From their website: When Jan and her sister Christina Mowery began their company in 1995, they had no idea where their journey would lead. They knew everything would work out 1.) because, they were raised to believe they could do anything, and 2.) they didn’t waste time trying to identify the “how” and “when”. Christina has since retired from Mr. Canary, but both Jan and Chrisitna are proud of our products and they are proud of the workers who make them. Embracing an innovative business model in which Mr. Canary subcontracts the sourcing, assembly, packaging, and shipping of its products to a human services organization’s workshop in their hometown of Marion, Indiana, Jan is energized knowing that the Mr. Canary brand supports over 100 workers with disabilities having meaningful work everyday.

Fox News Blog.

 

Faculty Spotlight: Meet Umfundisi Jim Lo

 

Dr. Jim Lo may be IWU’s Dean of the Chapel, but to students, he’s better known as Umf. The nickname is short for an African word, umfundisi. “It means one who is a teacher, but it actually means more. It means one who wants to become part of someone’s life,” he explains.

Umfundisi discovered his love for teaching while in the Army, when he taught a seminar for 200-500 fellow soldiers. Although the Army later granted him a full college scholarship, he turned it down and left the Army to become a pastor. He soon enrolled at IWU because, “I realized my B.A. wasn’t enough … I had much more to learn.” 

As a grad student, he recalls, “I felt that the education I was getting here, I was able to apply into ministry right away. I also had some wonderful mentors at that time.” One of those mentors was Charles Carter, who encouraged Umfundisi and his wife, Roxene, to follow God’s call to overseas ministry.

Once he earned his M.A. in Ministerial Education in 1982, Umfundisi and Roxene moved to Africa, ministering for thirteen years in Zimbabwe, South Africa, Mozambique, Swaziland, and Zambia. 

The couple planted churches in Zimbabwe. But soon, “we realized that missionaries didn’t need to be doing the church planting. We needed to be training nationals to be church planters.” Umfundisi began working on leadership development and literature production, creating training materials for African pastors and churches.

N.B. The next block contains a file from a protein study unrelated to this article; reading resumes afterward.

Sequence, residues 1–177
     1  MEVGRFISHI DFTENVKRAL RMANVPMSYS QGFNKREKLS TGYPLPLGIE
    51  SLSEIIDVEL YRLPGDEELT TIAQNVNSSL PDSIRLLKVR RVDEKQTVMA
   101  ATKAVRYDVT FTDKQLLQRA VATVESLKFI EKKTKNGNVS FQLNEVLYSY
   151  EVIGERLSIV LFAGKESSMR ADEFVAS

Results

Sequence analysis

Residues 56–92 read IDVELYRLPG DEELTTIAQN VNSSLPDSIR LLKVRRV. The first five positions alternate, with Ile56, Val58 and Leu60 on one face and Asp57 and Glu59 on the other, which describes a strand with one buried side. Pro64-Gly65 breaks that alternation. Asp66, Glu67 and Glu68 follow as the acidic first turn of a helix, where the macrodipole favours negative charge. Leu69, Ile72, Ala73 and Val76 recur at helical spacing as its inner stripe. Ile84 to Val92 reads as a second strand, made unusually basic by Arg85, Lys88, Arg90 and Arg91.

Although he loved Africa, he hoped to return to IWU: “When I was here in the master’s program, one of the things I [told] the Lord was that one day I would love to teach here.” However, Umfundisi believed IWU was too racially homogenous to hire a Chinese-American professor. 

He had no idea what God had in store. When he brought his teenaged sons to visit IWU, he also planned to visit his friend Dr. Keith Springer, who was out of office that day. Umfundisi left a note with the administrative assistant and prepared to leave. 

However, she recognized his name and informed him that IWU had sent a letter the week before, inviting him to start an Intercultural Studies program. He had an impromptu interview with the university president and division chair that day. Because Umfundisi and Roxene had already committed to spending a year ministering in Cambodia, IWU held the position open until their return. 

Umfundisi taught Intercultural Studies for 10 years and created World Impact, a program that allows students to go overseas for an extended time. “Too many students were stating that they wanted to be missionaries, but had very little cross cultural experience,” he explains. World Impact gives those students a chance to gain intercultural experience and explore God’s call in their lives.

Being a professor is Umfundisi’s “sweet spot in ministry.” He especially enjoys watching students and professors interact: “Those distinct lines of boundaries [between professors and students], we don’t necessarily have those here … I think that’s part of the beauty of this university.”

Today, Umfundisi remains in contact with students he taught ten or twenty years ago. He loves knowing he has students all over the world who will stay connected as alumni. “[Being an alum] gives you identity,” he says. “It gives you a sense of belonging … You really do feel as if you’re part of a big family.” 

Written by Megan Emily. Megan is a senior English/Writing major and a member of the John Wesley Honors College. She also operates Earthworms https://megzilla99.wordpress.com/ , a blog about finding hope and security.